- a weekly event, hosted by Breaking The Spine
that spotlights upcoming releases that we're eagerly anticipating.
Orleans is a recent find through Putnam's catalog over at Edelweiss.
The cover grabbed my attention first, but after reading the synopsis, this has been added to my list of must-reads.
First came the storms.Then came the Fever.And the Wall.After a string of devastating hurricanes and a severe outbreak of Delta Fever, the Gulf Coast has been quarantined. Years later, residents of the Outer States are under the assumption that life in the Delta is all but extinct… but in reality, a new primitive society has been born.
Fen de la Guerre is living with the O-Positive blood tribe in the Delta when they are ambushed. Left with her tribe leader’s newborn, Fen is determined to get the baby to a better life over the wall before her blood becomes tainted. Fen meets Daniel, a scientist from the Outer States who has snuck into the Delta illegally. Brought together by chance, kept together by danger, Fen and Daniel navigate the wasteland of Orleans. In the end, they are each other’s last hope for survival.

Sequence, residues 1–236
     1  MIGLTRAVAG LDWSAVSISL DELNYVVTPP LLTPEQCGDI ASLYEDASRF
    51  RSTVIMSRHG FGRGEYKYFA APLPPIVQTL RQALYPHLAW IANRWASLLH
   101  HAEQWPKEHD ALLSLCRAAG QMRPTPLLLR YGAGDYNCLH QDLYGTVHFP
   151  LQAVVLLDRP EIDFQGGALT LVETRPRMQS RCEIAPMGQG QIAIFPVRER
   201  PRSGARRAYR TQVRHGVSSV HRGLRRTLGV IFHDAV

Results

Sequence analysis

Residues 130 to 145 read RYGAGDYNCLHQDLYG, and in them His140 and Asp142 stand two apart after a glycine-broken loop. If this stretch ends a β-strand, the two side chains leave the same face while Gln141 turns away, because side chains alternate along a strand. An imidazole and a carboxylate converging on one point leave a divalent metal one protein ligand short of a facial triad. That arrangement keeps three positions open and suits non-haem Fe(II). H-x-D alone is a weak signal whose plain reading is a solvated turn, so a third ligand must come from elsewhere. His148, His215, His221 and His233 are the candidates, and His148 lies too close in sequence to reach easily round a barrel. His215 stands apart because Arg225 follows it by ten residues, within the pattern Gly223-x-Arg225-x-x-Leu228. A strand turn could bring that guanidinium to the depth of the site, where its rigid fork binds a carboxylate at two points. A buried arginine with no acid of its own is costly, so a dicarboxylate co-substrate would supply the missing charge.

Sherri L. Smith delivers an expertly crafted story about a fierce heroine whose powerful voice and firm determination will stay with you long after you’ve turned the last page. March 7th, 2013 | Putnam
My second pick, Next Stop: An Autistic Son Grows Up, is not something that I would normally choose as a WoW. But I wanted to share it because it deals with an issue that's important to me.
I have a son who is severely autistic and living independently will never be an option for him. But my middle child with Aspergers will one day grow up and decide to move out and live alone. This terrifies me. I'm hoping that Finland's story will be encouraging and reassuring and that it will end with a happily-ever-after that will offer me a small amount of comfort.
“This is not a romance, or even just a heart-warmer. It's a real love story, frank and particular. If you don't like it, you don't like love.” —Roy Blount, Jr.The summer David Finland was twenty-one years old, he and his mother, Glen, navigated the Washington, D.C., metro trains every day. David has autism—and their hope was that if he could learn the train lines, maybe he could get a job, and then maybe he could move out on his own. And then maybe his parents' marriage could get the jump start it so desperately needed.Next Stop recounts the complex relationship between an autistic young man and his family—and offers a universal story of how our children grow up and how we learn to let go and reclaim our lives, no matter how hard. April 2, 2013 | Berkley Trade